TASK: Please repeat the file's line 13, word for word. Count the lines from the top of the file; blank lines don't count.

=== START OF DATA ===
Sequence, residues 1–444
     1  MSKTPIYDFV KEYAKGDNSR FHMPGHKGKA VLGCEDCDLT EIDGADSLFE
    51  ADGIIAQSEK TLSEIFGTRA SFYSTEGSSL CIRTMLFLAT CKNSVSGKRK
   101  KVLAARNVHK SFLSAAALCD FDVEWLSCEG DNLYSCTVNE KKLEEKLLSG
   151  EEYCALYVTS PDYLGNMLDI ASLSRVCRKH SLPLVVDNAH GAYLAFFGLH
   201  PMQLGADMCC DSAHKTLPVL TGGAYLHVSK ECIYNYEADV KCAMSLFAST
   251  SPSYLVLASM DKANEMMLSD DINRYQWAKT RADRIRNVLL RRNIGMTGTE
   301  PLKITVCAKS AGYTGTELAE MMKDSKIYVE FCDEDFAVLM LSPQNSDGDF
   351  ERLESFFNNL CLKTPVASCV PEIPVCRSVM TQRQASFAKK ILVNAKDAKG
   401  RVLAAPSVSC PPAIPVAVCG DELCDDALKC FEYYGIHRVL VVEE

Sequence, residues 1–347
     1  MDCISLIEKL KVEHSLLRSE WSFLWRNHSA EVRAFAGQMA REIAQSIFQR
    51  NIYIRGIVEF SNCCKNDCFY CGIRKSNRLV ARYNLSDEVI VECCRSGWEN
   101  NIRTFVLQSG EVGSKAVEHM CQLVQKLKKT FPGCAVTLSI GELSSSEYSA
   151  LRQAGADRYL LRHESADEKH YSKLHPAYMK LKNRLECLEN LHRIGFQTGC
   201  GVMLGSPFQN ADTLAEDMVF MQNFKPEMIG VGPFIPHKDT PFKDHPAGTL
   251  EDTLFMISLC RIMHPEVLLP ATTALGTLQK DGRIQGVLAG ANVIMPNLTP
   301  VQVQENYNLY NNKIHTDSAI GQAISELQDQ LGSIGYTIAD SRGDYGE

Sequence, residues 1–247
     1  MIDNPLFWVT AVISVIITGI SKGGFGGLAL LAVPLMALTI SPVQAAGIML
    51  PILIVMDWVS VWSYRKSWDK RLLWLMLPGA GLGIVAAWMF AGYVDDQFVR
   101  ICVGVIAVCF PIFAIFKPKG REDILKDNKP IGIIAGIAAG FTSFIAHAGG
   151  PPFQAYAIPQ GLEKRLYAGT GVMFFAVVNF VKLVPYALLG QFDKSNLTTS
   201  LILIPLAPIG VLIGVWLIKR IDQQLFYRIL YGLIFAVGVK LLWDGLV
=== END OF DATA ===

    51  NIYIRGIVEF SNCCKNDCFY CGIRKSNRLV ARYNLSDEVI VECCRSGWEN